In May of 2010 I saw this dark blue-green bike at Flatbush and St. Marks Place in Brooklyn. The design is stripped down to just three bands on the fork, top tube, and seat stays; one band is 1 inch, two are 1/2 inch. I was excited by seeing retroreflective vinyl on a bike in the wild. It seemed like it had to be related to the Bright Bike project.
In August, after a summer away from NYC, I walked in to my local bike shop, and noticed that they had the same configuration of vinyl on all of the ~20 rebuilt vintage bikes they had for sale. Earlier in the year I had brought the shop a couple of sample Bright Bike DIY Kits. When I saw their modification, I talked to the guy the guy in the shop, and he quickly confirmed their origins from those kits. In many respects, this was the goal of the project: get it out there, so that others could take it and make something better out of it. Awesome.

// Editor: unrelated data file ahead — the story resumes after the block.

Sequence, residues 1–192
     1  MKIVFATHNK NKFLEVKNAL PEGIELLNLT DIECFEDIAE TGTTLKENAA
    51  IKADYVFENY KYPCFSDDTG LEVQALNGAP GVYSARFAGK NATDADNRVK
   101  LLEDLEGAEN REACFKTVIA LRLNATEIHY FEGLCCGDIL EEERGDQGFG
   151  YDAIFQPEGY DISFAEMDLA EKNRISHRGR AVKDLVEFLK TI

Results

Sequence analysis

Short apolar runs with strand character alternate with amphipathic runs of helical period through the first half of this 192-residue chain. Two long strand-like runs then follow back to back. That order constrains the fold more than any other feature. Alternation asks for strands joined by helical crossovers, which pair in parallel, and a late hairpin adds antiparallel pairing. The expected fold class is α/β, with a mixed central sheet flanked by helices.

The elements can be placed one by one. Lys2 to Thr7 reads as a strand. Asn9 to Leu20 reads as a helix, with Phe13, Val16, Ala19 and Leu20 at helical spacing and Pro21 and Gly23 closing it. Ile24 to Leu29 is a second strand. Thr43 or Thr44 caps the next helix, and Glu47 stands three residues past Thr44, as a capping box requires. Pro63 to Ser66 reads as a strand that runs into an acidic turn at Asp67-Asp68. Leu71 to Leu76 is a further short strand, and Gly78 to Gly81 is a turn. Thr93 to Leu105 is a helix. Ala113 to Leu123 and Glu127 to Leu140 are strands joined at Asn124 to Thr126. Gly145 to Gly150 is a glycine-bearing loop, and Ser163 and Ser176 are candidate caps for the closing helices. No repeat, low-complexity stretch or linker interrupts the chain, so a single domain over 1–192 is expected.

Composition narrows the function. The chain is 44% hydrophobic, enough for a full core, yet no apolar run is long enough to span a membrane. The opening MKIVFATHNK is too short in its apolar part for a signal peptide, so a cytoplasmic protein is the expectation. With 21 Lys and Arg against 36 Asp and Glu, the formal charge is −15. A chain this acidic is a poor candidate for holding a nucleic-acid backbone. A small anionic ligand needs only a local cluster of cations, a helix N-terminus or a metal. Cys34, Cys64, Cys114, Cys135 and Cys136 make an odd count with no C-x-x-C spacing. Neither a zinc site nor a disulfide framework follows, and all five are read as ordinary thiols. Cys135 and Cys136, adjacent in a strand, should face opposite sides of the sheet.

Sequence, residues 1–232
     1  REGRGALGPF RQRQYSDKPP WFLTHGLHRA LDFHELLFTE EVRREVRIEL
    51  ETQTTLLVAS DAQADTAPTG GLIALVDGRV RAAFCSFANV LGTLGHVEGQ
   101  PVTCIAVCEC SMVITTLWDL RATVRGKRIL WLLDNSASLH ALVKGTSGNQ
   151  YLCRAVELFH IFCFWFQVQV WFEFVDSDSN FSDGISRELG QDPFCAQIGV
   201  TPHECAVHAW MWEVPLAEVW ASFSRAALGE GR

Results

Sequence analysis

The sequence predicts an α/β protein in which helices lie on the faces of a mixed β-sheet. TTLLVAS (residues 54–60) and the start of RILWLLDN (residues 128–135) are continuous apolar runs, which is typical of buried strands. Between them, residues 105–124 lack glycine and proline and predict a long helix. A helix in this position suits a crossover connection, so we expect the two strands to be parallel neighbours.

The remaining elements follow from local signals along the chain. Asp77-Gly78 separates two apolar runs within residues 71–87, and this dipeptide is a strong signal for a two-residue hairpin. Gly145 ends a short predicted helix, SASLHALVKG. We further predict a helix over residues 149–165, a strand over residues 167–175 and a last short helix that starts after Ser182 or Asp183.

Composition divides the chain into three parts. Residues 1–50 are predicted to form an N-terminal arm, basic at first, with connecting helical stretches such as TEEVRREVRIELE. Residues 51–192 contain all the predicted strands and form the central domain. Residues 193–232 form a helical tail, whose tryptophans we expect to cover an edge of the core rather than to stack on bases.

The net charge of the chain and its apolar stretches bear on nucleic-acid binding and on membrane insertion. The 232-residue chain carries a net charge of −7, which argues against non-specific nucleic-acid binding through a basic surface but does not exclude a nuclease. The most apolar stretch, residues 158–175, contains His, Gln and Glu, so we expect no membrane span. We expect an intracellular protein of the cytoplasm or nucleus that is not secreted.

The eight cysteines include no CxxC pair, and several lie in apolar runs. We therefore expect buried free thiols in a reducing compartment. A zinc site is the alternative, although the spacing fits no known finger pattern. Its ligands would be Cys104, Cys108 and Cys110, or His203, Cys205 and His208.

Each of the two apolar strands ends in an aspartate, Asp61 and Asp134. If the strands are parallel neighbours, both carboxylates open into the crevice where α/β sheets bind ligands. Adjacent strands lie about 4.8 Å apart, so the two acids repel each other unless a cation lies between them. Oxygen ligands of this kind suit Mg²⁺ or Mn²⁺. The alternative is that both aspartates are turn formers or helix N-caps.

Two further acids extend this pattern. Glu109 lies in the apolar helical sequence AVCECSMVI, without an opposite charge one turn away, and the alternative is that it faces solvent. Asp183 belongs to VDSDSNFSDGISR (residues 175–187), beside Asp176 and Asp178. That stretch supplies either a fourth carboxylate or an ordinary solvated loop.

Their mod has much less reflective material, which means it is less visible at night, but also easier to put on, and less visually conspicuous during the day. I could imagine that visual conspicuousness during the day would be a significant factor for someone buying a bike with the kit already installed. It would have to be "tasteful" enough!
The other interesting effect of this distinctive design is it brands the bike as coming from this specific bike shop. They advertise the bicycles as "recycled" rather than "used." They rebuild the bearings, and put new chains and tires and brake cables on them. They are clearly are trying to separate these bikes from the general used bike market, and their simple vinyl patterns becomes the brand's mark.
Recycled bicycles at Brooklyn Bike and Board